Carson Kievman Helps Keep the SoBe Theater Scene Alive
This is the fourth in a series of articles profiling the seven finalists for the New Times MasterMind Awards, which will be presented to four local artists during Artopia at the Freedom Tower February 11.
Carson Kievman has helped grow the SoBe Institute of Arts from a tiny creative incubator in a one-room studio into what some would argue is the future of live musical theater on the Beach.
The institute's Little Stage Theater recently summoned the ghost of '30s and '40s musical theater to bring life back to the oldest theatrical venue in South Beach by ringing in the new year with a multimedia arts cabaret.
As a lead-in to the theater's grand reopening, the group held a series of popular chamber concerts that traced the history of Western music in six weeks.
Sarge: The Chanukah Chutzpah Tour... "Kiss My Mezuzah"
TicketsFri., Jan. 27, 8:00pm
Fundarte Presents: Chiflón By Chile's Silencio Blanco Theatre Company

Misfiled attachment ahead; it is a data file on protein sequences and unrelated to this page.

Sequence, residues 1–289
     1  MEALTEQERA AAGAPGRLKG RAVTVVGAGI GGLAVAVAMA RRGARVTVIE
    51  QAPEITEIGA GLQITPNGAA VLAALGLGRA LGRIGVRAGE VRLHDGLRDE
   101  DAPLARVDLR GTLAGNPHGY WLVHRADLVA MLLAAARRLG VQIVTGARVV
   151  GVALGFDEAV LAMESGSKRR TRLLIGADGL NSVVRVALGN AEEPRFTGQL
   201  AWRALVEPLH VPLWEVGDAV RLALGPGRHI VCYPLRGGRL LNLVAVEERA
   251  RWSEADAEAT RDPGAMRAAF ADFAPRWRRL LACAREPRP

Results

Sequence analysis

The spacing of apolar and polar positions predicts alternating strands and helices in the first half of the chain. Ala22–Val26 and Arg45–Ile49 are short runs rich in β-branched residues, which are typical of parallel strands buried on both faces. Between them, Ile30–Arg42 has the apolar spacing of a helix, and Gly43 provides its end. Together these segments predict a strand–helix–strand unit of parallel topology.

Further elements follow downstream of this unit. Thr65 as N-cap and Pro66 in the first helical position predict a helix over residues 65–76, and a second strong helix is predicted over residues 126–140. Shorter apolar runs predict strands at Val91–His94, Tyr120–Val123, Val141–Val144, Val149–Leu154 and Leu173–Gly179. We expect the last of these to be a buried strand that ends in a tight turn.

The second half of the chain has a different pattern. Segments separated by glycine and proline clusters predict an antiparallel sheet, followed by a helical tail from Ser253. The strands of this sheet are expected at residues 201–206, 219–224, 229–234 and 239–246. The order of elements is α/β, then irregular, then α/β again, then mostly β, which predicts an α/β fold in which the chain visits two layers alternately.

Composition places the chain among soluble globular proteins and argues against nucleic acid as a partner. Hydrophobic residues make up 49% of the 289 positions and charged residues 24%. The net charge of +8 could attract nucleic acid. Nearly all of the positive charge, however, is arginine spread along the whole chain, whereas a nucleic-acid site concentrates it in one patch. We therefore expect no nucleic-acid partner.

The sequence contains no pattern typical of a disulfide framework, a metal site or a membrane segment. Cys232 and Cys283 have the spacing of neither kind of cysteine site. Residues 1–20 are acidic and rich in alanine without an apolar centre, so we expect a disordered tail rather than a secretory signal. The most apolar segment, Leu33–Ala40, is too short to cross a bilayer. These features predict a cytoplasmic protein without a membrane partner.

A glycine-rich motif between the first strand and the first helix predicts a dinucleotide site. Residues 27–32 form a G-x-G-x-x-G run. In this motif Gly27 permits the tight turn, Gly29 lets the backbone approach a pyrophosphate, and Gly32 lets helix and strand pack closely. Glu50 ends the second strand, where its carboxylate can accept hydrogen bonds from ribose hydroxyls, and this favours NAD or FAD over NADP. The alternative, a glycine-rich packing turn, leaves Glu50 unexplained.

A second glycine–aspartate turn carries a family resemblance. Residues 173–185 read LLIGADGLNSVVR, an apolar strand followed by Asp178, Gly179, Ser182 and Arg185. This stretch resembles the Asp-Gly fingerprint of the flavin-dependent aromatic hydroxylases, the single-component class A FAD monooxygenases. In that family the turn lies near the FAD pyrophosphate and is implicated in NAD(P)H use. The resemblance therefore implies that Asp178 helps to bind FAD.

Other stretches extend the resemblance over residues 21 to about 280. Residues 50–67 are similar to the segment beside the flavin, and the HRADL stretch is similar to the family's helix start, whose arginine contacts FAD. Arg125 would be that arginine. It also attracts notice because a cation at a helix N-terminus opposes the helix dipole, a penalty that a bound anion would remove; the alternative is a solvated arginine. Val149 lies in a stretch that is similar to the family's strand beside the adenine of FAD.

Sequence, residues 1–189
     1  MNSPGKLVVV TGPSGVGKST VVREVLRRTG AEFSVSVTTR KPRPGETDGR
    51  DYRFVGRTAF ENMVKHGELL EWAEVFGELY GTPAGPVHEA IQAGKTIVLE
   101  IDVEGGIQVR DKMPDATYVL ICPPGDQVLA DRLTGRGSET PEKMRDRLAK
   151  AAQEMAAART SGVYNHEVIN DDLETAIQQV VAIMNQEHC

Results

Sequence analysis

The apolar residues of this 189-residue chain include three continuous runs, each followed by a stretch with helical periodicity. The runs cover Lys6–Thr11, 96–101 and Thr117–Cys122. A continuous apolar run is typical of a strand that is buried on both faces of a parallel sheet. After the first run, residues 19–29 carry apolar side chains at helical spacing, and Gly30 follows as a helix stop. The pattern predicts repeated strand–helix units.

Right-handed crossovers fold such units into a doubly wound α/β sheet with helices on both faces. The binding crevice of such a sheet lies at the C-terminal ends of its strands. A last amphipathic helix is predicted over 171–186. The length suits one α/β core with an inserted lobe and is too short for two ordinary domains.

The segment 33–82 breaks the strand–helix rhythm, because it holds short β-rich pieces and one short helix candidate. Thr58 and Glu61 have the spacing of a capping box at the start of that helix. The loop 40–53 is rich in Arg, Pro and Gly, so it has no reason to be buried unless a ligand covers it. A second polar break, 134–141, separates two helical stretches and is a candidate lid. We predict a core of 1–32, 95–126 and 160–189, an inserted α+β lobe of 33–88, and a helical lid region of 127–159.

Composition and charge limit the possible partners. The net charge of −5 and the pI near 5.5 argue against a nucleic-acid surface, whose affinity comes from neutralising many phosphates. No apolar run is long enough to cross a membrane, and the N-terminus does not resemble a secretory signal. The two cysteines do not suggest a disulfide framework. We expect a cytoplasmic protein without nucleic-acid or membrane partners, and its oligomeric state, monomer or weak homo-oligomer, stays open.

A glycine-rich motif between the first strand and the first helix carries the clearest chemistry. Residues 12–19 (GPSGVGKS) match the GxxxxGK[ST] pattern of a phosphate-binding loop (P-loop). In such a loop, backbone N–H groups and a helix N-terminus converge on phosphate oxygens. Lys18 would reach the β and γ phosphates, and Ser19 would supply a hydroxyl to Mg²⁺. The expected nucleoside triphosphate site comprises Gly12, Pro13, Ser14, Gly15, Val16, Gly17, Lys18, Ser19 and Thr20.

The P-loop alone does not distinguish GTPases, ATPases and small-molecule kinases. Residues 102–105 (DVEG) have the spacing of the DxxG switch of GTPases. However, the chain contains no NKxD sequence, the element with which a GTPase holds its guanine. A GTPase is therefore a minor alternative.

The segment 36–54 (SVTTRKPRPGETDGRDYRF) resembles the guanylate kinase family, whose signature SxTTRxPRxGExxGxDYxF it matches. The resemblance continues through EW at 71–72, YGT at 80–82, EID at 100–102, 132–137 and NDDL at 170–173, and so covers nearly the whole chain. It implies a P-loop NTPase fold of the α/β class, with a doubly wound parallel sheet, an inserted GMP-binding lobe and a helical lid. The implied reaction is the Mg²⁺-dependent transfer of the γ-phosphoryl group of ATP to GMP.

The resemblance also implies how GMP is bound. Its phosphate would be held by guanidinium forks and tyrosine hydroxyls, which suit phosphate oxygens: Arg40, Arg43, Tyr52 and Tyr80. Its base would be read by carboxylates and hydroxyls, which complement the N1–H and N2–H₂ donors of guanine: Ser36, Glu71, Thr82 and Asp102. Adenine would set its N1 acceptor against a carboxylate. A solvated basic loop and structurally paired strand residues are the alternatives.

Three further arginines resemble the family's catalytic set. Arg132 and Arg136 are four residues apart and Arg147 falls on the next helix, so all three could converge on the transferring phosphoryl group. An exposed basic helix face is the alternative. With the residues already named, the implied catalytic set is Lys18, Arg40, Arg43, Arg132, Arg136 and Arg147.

TicketsFri., Jan. 27, 8:30pm
JTF's Friday Night Live
TicketsFri., Jan. 27, 9:00pm
TicketsFri., Jan. 27, 10:00pm
TicketsFri., Jan. 27, 11:00pm
"Our audiences grew from a few people to packed houses," says Kievman,
who was the composer in residence for the Florida Philharmonic.
a miracle of sorts considering the location of the old theater. "That
area was dead," he recalls. "You didn't want to go there. You literally
had to walk over bodies."
SoBe Arts rehabbed the theater working
part-time with a "minimal amount of money." The group recently signed a five-year lease with the city, which owns the landmark building, with two two-year extensions.
Kievman hopes to use the venue to grow the audiences that will keep music and art alive in the Magic City.
hear about Miami becoming a cultural center," says Kievman, who has
lived in New York and Europe. "The biggest issue is the lack of arts
education. In any great cultural capital, arts education is at the
center. It's the life and breath of every big cultural capital."
who once worked for legendary theater producer Joseph Papp, has big
plans for the little theater. He wants to stage the cabaret every year,
hold a Shakespeare music festival, and produce original plays. No small challenge in the midst of a recession.
to keep going," Kievman says. "The money [for the arts] is being sucked
out of the economy. If we can contribute to South Florida being a
cultural capital, we have done our job."
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